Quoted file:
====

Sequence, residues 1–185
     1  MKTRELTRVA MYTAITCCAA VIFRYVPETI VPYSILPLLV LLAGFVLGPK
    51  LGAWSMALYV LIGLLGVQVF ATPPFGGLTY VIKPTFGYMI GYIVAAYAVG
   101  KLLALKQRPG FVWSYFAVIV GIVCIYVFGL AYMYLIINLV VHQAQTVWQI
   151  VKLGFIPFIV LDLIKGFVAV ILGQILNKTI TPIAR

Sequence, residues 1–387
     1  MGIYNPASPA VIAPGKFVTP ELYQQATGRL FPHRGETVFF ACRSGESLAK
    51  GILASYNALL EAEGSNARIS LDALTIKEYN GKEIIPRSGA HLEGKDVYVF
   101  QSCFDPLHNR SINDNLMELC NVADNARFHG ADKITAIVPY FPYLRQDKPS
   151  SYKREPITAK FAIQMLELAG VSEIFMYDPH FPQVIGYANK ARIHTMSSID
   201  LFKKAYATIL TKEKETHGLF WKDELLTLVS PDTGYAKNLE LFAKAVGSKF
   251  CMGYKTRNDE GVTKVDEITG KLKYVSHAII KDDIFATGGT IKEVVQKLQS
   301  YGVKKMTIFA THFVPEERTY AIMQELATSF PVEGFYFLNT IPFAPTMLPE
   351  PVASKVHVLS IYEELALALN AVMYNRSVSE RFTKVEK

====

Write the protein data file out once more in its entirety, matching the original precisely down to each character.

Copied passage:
Sequence, residues 1–185
     1  MKTRELTRVA MYTAITCCAA VIFRYVPETI VPYSILPLLV LLAGFVLGPK
    51  LGAWSMALYV LIGLLGVQVF ATPPFGGLTY VIKPTFGYMI GYIVAAYAVG
   101  KLLALKQRPG FVWSYFAVIV GIVCIYVFGL AYMYLIINLV VHQAQTVWQI
   151  VKLGFIPFIV LDLIKGFVAV ILGQILNKTI TPIAR

Sequence, residues 1–387
     1  MGIYNPASPA VIAPGKFVTP ELYQQATGRL FPHRGETVFF ACRSGESLAK
    51  GILASYNALL EAEGSNARIS LDALTIKEYN GKEIIPRSGA HLEGKDVYVF
   101  QSCFDPLHNR SINDNLMELC NVADNARFHG ADKITAIVPY FPYLRQDKPS
   151  SYKREPITAK FAIQMLELAG VSEIFMYDPH FPQVIGYANK ARIHTMSSID
   201  LFKKAYATIL TKEKETHGLF WKDELLTLVS PDTGYAKNLE LFAKAVGSKF
   251  CMGYKTRNDE GVTKVDEITG KLKYVSHAII KDDIFATGGT IKEVVQKLQS
   301  YGVKKMTIFA THFVPEERTY AIMQELATSF PVEGFYFLNT IPFAPTMLPE
   351  PVASKVHVLS IYEELALALN AVMYNRSVSE RFTKVEK